Then at the back in a case was this very simple chemise, embroidered around the neck, the chemise that Mary allegedly wore when she was executed at Fotheringay Castle in 1587.

Coughton - MQS robe 1

This was one of the most wow moments I have ever had at a property, one of those really goose bumpy moments when you realise you are actually really close up to the reality of history. You can see a full length picture of the chemise at the collections site at the above link.

It was also very interesting as all contemporary reports said that Mary wore blood – red undergarments, the colour of a catholic martyr, maybe this was under those red robes.

You can read more about Coughton and the family history at this great blog post  from the very informative Tudor Stuff blog. The family were staunch Catholics and so had a bit of a rough time during the reformation but managed to retain their beautiful property.

There were also some other lovely costumes in portraits. The blackwork on the neck and sleeves of this robe and this lace collar were two of my particular favourites.

There was some very good interpretation using textiles as well, this is something that Ellie and I have noticed as a growing trend in Trust houses and one that we really like. I think it is far more interesting to read something set in the context and also from a practical point of view easier as the print is larger and several people can be reading the information at once.

This was a dinner party at which the guests were all members of the estate who died in the First World War. A very touching and lovely way to remember them, with their photos as place cards and their stories on the back of each chair.

Coughton - textile interpretation 1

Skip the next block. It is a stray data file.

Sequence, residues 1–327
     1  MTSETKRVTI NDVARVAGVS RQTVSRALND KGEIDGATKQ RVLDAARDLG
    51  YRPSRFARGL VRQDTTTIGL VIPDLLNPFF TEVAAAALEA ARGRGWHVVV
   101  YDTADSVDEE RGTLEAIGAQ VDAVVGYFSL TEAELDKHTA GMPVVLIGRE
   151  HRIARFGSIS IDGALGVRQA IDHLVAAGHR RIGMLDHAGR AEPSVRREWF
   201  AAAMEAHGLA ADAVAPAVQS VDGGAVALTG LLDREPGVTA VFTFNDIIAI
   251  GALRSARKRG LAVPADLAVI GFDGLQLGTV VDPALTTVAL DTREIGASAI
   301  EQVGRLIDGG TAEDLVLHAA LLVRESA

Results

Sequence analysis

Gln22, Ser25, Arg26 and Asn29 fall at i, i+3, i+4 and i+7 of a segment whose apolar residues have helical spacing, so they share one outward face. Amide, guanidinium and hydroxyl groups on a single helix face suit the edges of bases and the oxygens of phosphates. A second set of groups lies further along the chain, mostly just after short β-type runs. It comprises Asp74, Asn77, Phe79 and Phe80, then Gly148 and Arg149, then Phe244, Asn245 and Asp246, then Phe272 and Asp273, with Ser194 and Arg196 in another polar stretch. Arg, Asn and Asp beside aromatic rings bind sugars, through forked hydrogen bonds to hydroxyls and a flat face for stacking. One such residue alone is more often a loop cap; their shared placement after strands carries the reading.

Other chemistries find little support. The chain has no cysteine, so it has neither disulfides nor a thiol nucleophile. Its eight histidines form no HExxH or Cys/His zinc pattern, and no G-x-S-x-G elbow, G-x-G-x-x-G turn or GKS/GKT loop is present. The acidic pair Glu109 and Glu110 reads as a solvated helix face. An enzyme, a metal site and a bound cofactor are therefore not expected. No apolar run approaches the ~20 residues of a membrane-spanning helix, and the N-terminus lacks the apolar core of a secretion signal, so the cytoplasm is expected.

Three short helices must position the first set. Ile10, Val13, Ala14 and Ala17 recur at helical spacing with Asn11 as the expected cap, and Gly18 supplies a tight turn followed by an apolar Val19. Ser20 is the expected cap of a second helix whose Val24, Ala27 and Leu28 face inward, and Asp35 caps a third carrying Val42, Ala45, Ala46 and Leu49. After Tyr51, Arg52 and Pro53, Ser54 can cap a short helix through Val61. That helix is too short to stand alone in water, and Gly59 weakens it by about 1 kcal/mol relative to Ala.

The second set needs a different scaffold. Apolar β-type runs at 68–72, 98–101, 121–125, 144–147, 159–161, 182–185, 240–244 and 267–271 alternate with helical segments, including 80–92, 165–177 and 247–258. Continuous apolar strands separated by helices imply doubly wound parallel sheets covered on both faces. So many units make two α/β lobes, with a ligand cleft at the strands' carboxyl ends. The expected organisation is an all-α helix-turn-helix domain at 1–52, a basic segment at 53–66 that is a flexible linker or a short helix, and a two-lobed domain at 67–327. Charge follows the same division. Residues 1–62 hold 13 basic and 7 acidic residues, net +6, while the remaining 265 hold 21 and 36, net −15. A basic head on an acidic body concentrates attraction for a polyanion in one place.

Coughton - textile interpretation 2

I will be back soon with more lovely Trust stuff, now off to make another little basket, have resisted the urge to make more for a few weeks but they are so cute and this will be a present for a younger relative.

Hope that you all have a lovely weekend whatever you are doing and see you soon. Thanks for visiting.

Norwegian Embroidery

Hello again

One of my favourite parts of the Oslo Folk Museum of course was the exhibition of traditional folk costume, the bunad, and some wonderful examples of the embroidery including Hardanger, a traditional type of whitework from Norway.

Norway Folk Museum embroidery 3

There were examples of wool embroidery on costumes and accessories.

Norway Folk Museum embroidery 2

Norway Folk Museum embroidery 5

These baby’s caps were a combination of wool and redwork embroidery.

Norway Folk Museum embroidery 4

There was also blackwork, excuse the fuzziness of the picture below but I wanted to show you amount of stitching on this beautiful head dress.

Norway Folk Museum embroidery 6

Norway Folk Museum embroidery 1

We also saw a bridal outfit like this one below and lots of the beautiful jewellery that is worn with the costume.

Norway Telemark Bridal Crown -small

Norway Folk Museum embroidery 7

There are more beautiful images of Norwegian bridal crowns here , it really struck me how much the head dresses and the silver jewellery resembled the Miao Chinese folk costume that I saw when I went to the Ethnicities Museum in Beijing.

Miao Chinese Folk Costume

We saw quite a few people wearing their traditional costume on Christmas Eve in Oslo, particularly in the cathedral where we went for the afternoon service.

This website has got lots of photos of people wearing their bunads at an event held at the Folk Museum in 2012.

They were also on sale in one of the department stores, with packs of ready prepared shirt material and embroidery patterns.

I was also very pleased as many years ago when we visited Sweden I bought some beautiful metal clasps that I have used for medieval costume. I only have this one left.

Norway cloak clasps 1

But I discovered that they are used in the bodice of the bunad so was able to buy some more sets, I now have two each of these beauties.

Norway cloak clasps 2

I have been doing a bit of research and thanks to Pinterest have found so much inspiration for Scandinavian embroidery. There are some gorgeous designs here

And if you want more information and pictures about the wool embroidery this is an excellent source looking at costumes from Northern Norway.

Well I will leave you know and get on with some actual embroidery rather than just adding to my to do pile! Will be back soon with the last of my Norwegian loveliness posts.

Have a lovely rest of the weekend and thanks for visiting.

 

A woodland wedding with wellies!